Saturday, December 16, 2017
Text Size

Site Search powered by Ajax

US: Myanmar attacks on Rohingya 'ethnic cleansing'

Rex Tillerson accuses Myanmar's security forces of perpetrating 'horrendous atrocities' against the Muslim minority.

US Secretary of State Rex Tillerson

The United States has for the first time called Myanmar's campaign against the Rohingya "ethnic cleansing", saying specific sanctions against those responsible are being considered.

The comments were made on Wednesday by US Secretary of State Rex Tillerson, who, last week, visited Myanmar, where a fierce military crackdown has sent more than half a million Rohingya Muslims fleeing to Bangladesh since August.

"These abuses by some among the Burmese military, security forces, and local vigilantes have caused tremendous suffering and forced hundreds of thousands of men, women, and children to flee their homes in Burma to seek refuge in Bangladesh," Tillerson said in a statement, using an alternative name for the country.

The United Nations has also described the military's actions against the persecuted minority as a textbook case of "ethnic cleansing".


Myanmar's army began its violent campaign against the Rohingya in late August, following a series of alleged attacks by the Arakan Rohingya Salvation Army military posts in Rakhine state.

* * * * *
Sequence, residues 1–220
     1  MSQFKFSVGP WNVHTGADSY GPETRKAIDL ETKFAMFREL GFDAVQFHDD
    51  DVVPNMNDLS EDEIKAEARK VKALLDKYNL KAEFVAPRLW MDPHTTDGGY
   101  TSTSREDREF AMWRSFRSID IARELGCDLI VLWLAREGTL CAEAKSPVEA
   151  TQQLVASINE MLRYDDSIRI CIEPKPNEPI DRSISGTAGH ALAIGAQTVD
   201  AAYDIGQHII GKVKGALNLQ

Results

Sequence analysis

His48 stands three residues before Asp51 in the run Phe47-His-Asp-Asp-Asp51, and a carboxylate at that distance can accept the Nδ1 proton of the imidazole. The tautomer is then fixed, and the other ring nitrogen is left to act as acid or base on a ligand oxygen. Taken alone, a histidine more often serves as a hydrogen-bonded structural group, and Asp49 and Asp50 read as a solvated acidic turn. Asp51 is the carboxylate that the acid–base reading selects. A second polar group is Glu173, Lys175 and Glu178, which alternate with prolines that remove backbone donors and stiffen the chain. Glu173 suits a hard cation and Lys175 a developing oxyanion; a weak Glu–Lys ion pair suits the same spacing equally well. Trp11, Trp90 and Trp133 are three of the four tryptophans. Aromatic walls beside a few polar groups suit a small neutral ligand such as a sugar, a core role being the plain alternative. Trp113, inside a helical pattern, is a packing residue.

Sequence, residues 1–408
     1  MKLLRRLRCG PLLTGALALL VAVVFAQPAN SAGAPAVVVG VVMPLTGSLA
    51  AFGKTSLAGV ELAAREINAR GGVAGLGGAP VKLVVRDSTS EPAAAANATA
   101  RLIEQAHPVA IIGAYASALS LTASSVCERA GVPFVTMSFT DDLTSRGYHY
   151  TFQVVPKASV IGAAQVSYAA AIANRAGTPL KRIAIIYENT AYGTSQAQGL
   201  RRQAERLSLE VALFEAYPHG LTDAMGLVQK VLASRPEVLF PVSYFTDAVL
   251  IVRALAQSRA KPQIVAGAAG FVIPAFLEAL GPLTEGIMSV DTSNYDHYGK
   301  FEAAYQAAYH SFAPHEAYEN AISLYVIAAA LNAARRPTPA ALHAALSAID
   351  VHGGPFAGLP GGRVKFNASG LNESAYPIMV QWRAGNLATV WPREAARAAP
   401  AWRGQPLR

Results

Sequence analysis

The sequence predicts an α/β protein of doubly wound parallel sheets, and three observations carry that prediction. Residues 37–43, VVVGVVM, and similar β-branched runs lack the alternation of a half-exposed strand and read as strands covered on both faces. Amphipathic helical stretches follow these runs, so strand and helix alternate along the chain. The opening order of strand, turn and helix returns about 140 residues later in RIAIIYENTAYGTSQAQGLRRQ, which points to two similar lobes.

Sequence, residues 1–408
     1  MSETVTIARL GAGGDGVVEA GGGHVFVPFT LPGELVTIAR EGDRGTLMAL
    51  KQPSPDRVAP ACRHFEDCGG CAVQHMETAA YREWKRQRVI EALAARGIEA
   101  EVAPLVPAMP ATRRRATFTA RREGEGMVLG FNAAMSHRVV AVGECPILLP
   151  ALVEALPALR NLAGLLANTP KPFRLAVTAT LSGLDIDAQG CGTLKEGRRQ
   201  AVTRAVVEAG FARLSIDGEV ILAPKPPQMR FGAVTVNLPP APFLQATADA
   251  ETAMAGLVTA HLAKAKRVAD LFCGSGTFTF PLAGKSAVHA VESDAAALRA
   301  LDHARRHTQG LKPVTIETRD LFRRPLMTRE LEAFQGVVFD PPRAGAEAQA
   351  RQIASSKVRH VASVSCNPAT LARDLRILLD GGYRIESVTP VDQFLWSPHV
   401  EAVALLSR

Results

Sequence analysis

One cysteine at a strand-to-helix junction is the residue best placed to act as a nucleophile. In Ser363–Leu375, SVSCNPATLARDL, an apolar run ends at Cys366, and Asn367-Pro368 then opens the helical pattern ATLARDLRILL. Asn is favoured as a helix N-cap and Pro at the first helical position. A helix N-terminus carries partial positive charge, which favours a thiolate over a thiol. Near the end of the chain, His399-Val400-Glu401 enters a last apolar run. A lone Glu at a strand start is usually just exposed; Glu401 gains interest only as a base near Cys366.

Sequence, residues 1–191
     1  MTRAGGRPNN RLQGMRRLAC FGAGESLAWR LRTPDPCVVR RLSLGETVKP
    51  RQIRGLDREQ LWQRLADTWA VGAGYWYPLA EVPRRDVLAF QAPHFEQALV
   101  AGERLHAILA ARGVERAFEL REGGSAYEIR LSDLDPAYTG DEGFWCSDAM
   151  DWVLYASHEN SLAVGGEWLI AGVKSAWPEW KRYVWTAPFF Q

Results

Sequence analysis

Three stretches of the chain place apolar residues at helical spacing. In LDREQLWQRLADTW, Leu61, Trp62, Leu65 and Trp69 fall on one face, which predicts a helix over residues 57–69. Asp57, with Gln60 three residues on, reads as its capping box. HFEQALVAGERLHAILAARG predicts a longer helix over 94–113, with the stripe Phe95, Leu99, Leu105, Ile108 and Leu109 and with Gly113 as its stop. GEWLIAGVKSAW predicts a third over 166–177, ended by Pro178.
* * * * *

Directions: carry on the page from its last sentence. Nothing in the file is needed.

Fleeing Rohingya refugees accused the security forces of responding with a campaign of arson and murder in a bid to force them out of Myanmar. These allegations are supported by rights groups monitoring the situation.

"Those responsible for these atrocities must be held accountable," Tillerson said of the violence.

US legislators proposed specific sanctions and travel restrictions on military officials in early November.

Myanmar is a majority Buddhist nation, with Christian, Hindu and Muslim minority populations. The Rohingya are predominately Muslim.

Described as the "world's most persecuted minority", the Rohingya have suffered decades of discrimination and abuse at the hands of Myanmar's army, and have been denied citizenship since 1982.

Aung San Suu Kyi, state counsellor and de facto leader of Myanmar, came to power in 2015 following decades of nonviolent struggle against the country's army. 

But Aung San Suu Kyi, winner of the Nobel Peace Prize in 1991, has also been criticised for neither condemning nor taking steps to halt the military violence against the Rohingya minority.

The Rohingya are not among Myanmar's 135 state-recognised ethnic groups.

Aung San Suu Kyi and others refuse to refer to them as "Rohingya", instead calling them "Bengali", a term which suggests they are foreigners.

blog comments powered by Disqus

Subscribe via RSS or Email:

MSF: More than 6,700 Rohingya kille...

Read More

Virtual reality 360 film shows Rohi...

Read More

Army's rape of Rohingya women sweep...

Read More

Rahul Gandhi: The rise of Gandhi fa...

Read More

US Jerusalem move: Fury spreads fro...

Read More

Nepal election: Leftist alliance se...

Read More


Demonstrations against US recognition of Jerusalem turn deadly as Israeli troops open fire in Gaza and West Bank.

Read More


Thanks to all of our supporters for your generosity and your encouragement of an independent press!

Enter Amount:



Login reminder Forgot login?

Subscribe to MWC News Alert

Email Address

Subscribe in a reader Facebok page Twitter page

Week in Pictures

From snowfall to sunshine

Palestinians hold 'day of rage'